Saturday July 23, 2016
Movie Review: Star Trek Beyond (2016)
Third time’s the charm, I guess.
The first rebooted “Star Trek” was too “Star Wars”-y for me, second was too “Raiders of the Lost Ark”-y (not to mention stupid). This one gets the appeal of “Star Trek.” So who do we thank for this midsummer gift? Simon Pegg (Cornetto trilogy), for co-writing it with Doug Jones? Justin Lin (Fast/Furious movies) for directing it? Or J.J. Abrams for finally stepping aside?
It starts slowly, which is so not-done these days it felt like a relief. Capt. Kirk (Chris Pine) is in the doldrums because in the third year of his five-year mission it’s all beginning to feel a bit “episodic” (great line: I laughed out loud), and Dr. McCoy (Karl Urban) tries to bolster him with bad beside manner and good Scotch. Meanwhile, Spock (Zach Quinto) is on the outs with Uhura (Zoe Saldana, call me), and ready to leave the Enterprise, because he feels he owes something to New Vulcan—like propagating its nearly decimated species.
Not to brag, but here’s what I wrote about Spock three years ago in my review of “Star Trek: Into Darkness”:
How many members of the Vulcan species are left? Wouldn’t this small fact alter his trajectory a bit, get him off the Enterprise maybe, doing something else? Wouldn’t it give him a different girlfriend? (No offense, Zoe.) Doesn’t it make sense for Spock to want to propagate his species now that they’re nearly extinct? Or at least consider doing so? Or at least talk about it with someone?
It really isn’t bragging since it’s all rather obvious. You might even call it logical.
While on shore leave at the starbase Yorktown—which is a kind of M.C. Escher painting in space—Kirk volunteers the crew to retrieve a ship stranded in a nearby nebula. But as Admiral Ackbar would say, it’s a trap. The Enterprise is attacked by a swarm of ships that literally cut it apart, and it plunges to the planet below. And our roller coaster ride begins.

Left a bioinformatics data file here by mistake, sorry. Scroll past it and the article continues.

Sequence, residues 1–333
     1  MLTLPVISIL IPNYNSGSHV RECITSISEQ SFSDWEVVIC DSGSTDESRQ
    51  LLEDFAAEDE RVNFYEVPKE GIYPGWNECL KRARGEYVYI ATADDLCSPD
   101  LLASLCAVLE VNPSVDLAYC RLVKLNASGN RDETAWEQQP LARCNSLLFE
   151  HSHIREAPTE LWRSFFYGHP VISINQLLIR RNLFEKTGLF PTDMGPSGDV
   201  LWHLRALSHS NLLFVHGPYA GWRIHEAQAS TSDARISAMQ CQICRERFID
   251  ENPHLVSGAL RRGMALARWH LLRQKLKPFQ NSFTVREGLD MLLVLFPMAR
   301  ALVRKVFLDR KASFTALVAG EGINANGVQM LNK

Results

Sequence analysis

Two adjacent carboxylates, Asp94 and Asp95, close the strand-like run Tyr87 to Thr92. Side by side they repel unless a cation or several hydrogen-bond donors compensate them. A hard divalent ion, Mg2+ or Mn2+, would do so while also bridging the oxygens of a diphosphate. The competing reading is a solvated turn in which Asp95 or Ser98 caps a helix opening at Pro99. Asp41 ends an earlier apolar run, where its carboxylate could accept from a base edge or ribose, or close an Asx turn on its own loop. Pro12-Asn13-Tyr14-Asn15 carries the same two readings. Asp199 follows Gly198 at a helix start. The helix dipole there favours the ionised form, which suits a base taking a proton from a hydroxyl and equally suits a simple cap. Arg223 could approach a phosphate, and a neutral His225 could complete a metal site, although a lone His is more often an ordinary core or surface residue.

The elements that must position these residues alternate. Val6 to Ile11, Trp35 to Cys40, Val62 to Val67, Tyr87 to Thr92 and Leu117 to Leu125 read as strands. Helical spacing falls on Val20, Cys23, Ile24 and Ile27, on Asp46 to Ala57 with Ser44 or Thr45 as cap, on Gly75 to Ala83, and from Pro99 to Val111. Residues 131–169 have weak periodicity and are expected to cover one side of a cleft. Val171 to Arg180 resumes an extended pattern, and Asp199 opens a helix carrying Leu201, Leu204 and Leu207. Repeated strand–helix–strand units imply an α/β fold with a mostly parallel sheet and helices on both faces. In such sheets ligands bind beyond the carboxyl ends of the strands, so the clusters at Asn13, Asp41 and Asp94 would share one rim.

What I liked about the ride? Mystery. Who was the alien Krall (Idris Elba) and why did he attack the Enterprise? What’s his game? The early “Star Trek”s—and I’m talking TOS, first season—had a real air of the bizarre and mysterious and dangerous. You’re going into space. You’re finding all kinds of creepy shit. We get a whiff of that here.
What else I liked? We get character development and humor during the ride. There’s good repartee between Spock and McCoy, as well as Scotty (Pegg) and Jaylah (Sofia Boutelia), an alien who saves him. Yes, she’s the usual bodacious bod, ass-kicking chickiepoo that all the sci-fi geeks love, but she’s a great version of that. When they first meet, she repeats his name, “Montgomery Scott,” and he lets her know she can use the familiar, “Scotty,” so for the rest of the movie she calls him “Montgomery Scotty.” She speaks a sing-songy English, and knows all about the Federation, because she lives on the downed U.S.S. Franklin, which was the first starship equipped with warp drive. It went missing 100 years ago. One assumes it fell into Krall’s hands but the answer is more surprising and less interesting.